In Avendano-Hernandez v. Lynch, the U.S. Court of Appeals for the 9th Circuit ruled today that the Board of Immigration Appeals (BIA) made an error of law in denying protection under the Convention Against Torture (CAT) to a transgender woman from Mexico who had been sexually assaulted and raped by members of the Mexican police and military. Apparently, an immigration judge and the BIA got it so wrong that it took an appeal to the Court of Appeals (a step below the Supreme Court) to reach the right decision.
Since last summer, when the Obama Administration hastily resurrected the concept of family detention to jail refugee women and children seeking asylum, thousands of women and children have languished in inhumane conditions, have been refused meaningful access to counsel and interpreters, have been hurled through bond proceedings with predetermined results, and have been sent directly and expeditiously back to the danger from which they fled – all in violation of U.S.
Franklin Crespo is our Client of the Month for June 2015. BR attorney Dree Collopy has been representing Mr. Crespo and his family since 2009. At that time, Mr. Crespo’s adjustment of status and extreme hardship waiver under section 212(h) of the Immigration and Nationality Act had been denied by the Immigration Judge, his appeal to the Board of Immigration Appeals had been dismissed, and Mr. Crespo had been detained by Immigration and Customs Enforcement.
After a years-long battle, a client of ours was recently sworn in as a United States citizen after his naturalization victory. Why is this significant? Because in 20 years of practicing immigration law, it’s difficult to recall the government being so fiercely opposed to naturalizing someone. Over a decade ago, our client – a U.S. lawful permanent resident – was engaged in serious criminal activity. In 2003, he was arrested and pled guilty in federal court to possession with intent to distribute 5 kilograms of cocaine and 1,000 kilograms of marijuana.
Yesterday, in a 7-2 decision, the U.S. Supreme Court ruled that an immigrant who pleaded guilty to a misdemeanor paraphernalia charge for concealing pills in his sock cannot be deported for the offense. Simply stated, Moones Mellouli faced the possibility of deportation for possession of a sock. Mellouli, who came to the U.S. on a student visa from Tunisia in 2004, graduated with honors from U.S.
The Court of Appeals for the 5th Circuit in a 2-1 decision refused the Obama administration’s request for an emergency stay of Judge Andrew Hanen’s injunction against the President’s deferred action (DAPA and DACA+). This action leaves the stay in place, meaning that the administration remains unable to proceed with DAPA and DACA relief to millions of immigrants. Two judges of the 5th Circuit found that the Obama administration was “unlikely to succeed” in establishing that Texas and the other 25 states lack a sufficient injury, or “standing,” to challenge the President’s actions in creating DAPA and DACA+.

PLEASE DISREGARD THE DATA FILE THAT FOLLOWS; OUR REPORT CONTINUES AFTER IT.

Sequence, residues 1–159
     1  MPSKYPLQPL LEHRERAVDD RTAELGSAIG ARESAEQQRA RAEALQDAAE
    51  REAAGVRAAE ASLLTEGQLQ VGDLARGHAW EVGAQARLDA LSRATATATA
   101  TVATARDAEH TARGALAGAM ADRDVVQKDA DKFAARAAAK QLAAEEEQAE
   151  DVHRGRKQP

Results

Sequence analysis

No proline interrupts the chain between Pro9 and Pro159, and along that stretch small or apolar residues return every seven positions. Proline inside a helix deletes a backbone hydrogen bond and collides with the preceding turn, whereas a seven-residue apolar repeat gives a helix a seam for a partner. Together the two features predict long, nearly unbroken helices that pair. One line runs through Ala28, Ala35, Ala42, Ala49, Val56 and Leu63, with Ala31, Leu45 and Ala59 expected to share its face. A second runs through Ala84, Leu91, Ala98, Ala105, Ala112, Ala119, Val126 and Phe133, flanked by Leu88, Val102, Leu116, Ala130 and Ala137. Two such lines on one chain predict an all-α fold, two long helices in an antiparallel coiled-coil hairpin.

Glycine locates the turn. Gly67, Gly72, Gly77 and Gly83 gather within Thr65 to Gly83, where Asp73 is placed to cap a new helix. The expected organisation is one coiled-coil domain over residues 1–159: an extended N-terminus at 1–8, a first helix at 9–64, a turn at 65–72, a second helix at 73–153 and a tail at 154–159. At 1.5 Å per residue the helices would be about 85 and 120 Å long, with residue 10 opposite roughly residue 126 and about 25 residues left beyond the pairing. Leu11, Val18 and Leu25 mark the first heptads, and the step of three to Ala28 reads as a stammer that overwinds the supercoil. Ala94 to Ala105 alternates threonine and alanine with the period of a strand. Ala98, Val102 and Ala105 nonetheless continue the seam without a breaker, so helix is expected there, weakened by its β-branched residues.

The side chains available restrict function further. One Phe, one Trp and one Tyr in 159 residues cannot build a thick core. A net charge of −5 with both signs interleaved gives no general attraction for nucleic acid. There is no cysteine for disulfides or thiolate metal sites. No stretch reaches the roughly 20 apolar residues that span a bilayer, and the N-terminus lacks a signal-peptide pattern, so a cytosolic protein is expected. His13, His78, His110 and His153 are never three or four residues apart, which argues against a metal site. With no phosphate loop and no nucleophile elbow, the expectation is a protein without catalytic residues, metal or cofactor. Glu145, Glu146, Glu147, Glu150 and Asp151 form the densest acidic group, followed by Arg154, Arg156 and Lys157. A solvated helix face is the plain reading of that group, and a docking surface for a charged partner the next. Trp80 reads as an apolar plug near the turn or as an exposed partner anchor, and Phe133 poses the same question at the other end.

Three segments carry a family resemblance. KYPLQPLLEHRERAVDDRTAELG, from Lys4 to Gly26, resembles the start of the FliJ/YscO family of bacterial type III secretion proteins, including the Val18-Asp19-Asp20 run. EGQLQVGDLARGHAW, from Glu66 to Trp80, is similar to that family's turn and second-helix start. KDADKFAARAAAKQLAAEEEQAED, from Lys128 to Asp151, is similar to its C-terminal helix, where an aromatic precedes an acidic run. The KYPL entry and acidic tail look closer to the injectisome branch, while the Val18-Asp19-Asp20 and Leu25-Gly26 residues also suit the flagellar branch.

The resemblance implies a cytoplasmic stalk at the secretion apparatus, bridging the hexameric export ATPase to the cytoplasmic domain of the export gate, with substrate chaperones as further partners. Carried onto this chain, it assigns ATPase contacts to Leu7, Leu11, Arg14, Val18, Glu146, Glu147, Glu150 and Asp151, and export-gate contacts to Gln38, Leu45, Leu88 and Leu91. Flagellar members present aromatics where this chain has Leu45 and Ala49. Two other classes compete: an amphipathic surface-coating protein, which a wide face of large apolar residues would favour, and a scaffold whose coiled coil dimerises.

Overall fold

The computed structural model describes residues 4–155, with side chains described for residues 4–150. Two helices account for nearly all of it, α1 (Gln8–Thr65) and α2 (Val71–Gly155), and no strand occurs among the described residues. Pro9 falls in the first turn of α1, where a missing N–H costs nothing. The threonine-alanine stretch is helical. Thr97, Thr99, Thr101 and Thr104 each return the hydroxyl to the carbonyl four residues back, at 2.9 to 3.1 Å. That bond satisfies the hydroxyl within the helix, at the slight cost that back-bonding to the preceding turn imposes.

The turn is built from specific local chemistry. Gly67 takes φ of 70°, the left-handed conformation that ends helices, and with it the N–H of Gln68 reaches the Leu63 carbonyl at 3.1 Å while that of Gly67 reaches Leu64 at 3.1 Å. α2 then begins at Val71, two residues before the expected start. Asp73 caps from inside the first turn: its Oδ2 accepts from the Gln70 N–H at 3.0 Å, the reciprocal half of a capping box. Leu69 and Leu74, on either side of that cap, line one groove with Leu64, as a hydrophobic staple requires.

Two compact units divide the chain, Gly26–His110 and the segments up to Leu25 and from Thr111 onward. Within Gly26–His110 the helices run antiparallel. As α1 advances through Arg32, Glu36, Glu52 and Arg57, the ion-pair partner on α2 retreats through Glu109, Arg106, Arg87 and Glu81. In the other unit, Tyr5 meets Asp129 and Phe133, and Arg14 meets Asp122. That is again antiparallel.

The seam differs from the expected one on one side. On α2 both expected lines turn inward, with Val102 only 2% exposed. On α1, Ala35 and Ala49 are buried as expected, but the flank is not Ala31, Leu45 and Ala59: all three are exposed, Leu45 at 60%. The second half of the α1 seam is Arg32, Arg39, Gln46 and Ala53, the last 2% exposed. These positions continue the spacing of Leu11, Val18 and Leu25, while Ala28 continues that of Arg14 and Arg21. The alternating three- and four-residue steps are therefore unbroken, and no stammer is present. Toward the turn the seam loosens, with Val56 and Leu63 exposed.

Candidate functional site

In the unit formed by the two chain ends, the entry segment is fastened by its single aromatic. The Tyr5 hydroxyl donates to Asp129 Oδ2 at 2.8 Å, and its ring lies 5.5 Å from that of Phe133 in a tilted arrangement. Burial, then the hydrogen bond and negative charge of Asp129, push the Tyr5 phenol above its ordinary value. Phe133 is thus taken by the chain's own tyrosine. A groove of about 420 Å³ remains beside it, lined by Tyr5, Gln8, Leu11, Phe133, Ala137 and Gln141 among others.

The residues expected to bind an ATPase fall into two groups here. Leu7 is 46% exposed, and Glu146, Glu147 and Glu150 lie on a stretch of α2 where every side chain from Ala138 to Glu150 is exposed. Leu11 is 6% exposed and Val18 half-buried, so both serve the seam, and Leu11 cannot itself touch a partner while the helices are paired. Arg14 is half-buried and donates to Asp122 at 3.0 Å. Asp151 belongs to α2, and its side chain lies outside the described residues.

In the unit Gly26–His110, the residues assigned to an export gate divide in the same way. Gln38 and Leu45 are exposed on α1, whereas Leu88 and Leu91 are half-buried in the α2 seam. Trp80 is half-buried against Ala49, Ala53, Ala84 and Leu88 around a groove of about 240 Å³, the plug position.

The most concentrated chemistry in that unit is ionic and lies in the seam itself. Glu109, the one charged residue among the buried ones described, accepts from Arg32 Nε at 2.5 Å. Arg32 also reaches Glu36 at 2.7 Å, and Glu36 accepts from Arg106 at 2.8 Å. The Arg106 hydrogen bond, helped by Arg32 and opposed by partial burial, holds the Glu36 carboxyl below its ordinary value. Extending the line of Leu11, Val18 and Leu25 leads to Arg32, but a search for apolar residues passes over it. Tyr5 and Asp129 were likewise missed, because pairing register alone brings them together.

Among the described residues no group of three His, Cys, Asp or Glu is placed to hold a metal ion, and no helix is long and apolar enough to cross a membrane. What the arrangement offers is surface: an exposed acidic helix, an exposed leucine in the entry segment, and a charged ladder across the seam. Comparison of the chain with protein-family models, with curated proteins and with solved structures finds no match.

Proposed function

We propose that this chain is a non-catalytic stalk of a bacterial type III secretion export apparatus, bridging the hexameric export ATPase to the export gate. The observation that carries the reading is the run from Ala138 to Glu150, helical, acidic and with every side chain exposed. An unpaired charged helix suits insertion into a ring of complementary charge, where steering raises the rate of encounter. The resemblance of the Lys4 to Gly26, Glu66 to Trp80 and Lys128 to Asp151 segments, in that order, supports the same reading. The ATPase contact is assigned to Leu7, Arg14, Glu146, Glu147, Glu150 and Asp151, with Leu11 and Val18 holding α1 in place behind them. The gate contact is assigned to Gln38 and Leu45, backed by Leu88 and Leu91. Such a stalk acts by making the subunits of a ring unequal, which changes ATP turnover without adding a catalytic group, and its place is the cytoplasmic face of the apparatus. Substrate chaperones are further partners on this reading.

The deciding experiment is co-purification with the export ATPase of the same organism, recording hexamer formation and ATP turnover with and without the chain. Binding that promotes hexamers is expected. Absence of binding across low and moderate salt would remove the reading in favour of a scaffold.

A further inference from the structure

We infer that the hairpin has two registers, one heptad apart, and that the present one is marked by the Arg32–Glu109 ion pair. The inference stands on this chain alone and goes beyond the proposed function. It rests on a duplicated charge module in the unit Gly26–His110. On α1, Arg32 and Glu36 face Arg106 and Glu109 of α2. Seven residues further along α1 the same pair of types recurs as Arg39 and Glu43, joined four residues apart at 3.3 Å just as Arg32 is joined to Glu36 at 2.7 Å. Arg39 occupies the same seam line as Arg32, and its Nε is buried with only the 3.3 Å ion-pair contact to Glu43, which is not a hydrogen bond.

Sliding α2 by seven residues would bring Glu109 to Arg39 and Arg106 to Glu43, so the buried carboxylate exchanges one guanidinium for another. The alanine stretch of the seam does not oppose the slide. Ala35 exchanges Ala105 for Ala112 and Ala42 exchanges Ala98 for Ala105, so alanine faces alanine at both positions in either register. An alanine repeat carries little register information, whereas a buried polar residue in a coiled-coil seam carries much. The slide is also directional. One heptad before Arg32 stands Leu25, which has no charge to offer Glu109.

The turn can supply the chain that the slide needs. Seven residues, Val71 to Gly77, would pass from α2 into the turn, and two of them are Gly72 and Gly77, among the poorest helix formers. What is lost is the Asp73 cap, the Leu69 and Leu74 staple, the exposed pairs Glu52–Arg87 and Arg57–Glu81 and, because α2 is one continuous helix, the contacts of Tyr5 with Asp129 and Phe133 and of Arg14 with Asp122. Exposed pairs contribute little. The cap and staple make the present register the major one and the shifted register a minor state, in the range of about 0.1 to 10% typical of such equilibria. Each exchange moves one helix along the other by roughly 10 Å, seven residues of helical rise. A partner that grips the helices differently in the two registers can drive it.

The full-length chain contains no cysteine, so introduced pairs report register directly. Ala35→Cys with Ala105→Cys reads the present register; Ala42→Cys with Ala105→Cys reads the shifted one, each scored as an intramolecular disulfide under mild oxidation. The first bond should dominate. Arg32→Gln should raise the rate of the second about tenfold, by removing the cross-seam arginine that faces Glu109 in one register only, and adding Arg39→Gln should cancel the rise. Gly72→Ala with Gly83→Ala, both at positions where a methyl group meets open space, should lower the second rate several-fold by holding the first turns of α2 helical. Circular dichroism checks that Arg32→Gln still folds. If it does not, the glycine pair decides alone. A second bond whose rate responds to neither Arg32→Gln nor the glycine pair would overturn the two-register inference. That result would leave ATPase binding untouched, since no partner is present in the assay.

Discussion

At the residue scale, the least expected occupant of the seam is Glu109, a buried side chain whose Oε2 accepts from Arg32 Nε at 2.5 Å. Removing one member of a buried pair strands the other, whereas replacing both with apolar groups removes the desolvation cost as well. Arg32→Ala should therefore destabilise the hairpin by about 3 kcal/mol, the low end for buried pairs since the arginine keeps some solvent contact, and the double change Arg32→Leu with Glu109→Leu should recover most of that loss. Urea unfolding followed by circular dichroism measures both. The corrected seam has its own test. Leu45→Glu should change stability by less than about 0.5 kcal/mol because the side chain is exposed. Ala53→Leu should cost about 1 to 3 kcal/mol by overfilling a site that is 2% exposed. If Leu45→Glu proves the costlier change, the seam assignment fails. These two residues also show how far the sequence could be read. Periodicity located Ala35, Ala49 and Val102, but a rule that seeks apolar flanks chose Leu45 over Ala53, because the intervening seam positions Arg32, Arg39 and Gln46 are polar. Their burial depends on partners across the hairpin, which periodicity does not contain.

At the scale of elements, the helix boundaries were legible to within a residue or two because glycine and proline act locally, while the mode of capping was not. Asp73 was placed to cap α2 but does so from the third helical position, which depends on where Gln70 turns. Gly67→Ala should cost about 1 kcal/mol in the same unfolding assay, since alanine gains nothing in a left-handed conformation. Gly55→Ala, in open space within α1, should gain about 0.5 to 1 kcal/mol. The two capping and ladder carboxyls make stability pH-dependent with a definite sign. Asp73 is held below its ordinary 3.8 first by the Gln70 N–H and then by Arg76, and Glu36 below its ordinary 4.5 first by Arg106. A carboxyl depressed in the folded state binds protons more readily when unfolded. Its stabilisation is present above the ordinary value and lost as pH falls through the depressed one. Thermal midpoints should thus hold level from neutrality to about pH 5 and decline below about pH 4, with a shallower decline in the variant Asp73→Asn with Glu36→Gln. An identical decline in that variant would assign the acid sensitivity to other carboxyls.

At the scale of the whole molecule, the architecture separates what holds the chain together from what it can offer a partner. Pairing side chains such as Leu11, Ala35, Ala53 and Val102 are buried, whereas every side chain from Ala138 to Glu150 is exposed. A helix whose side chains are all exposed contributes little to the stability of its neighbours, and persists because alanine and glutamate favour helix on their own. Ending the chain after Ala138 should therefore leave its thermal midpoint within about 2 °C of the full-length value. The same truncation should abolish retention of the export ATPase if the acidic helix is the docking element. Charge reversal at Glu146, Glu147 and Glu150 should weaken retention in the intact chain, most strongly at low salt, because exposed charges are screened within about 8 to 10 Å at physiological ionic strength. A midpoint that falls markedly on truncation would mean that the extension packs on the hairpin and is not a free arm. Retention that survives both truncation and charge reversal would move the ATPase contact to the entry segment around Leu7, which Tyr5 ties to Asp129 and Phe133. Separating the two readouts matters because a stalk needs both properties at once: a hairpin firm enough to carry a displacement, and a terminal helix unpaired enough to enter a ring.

The Board of Immigration Appeals has finally given in to the overwhelming weight of the opinions of nine circuit courts of appeals (there are only 12 of them) and accepted the proposition that a permanent resident who received his residence through adjustment of status and was later convicted of an aggravated felony may seek a waiver of inadmissibility under Immigration & Nationality Act sec. 212(h). In Matter of J-H-J-, 26 I.&N.
Oral arguments in federal court generate lots of light, but very little heat. One thing every appellate lawyer knows is not to predict the outcome of a case based upon oral arguments. The better legal reporters also understand that. Unfortunately, that maxim was not in display in the reporting surrounding the argument on April 17 in the U.S. Court of Appeals for the Fifth Circuit over the government’s motion to lift Judge Andrew Hanen’s DAPA and DACA injunction.
A victory for the Obama administration in a case related to DACA in the 5th Circuit should give hope to millions waiting for deferred action of DAPA and expanded DACA. The U.S. Court of Appeals for the Fifth Circuit issued a decision in an immigration case today. No, not that case, but close. The Fifth Circuit ruled in another case challenging deferred action called Crane v.
It seems that nothing is going to happen on the Texas judge’s DAPA and DACA injunction until next month at the earliest. The U.S. Court of Appeals for the Fifth Circuit issued a series of orders yesterday that gave an indication of how the court intends to proceed with the Department of Justice’s appeal of Judge Andrew Hanen’s DAPA and DACA injunction, Most importantly, the Court of Appeals set oral arguments on the Department of Justice’s motion to lift the injunction (“stay the stay”) for April 17.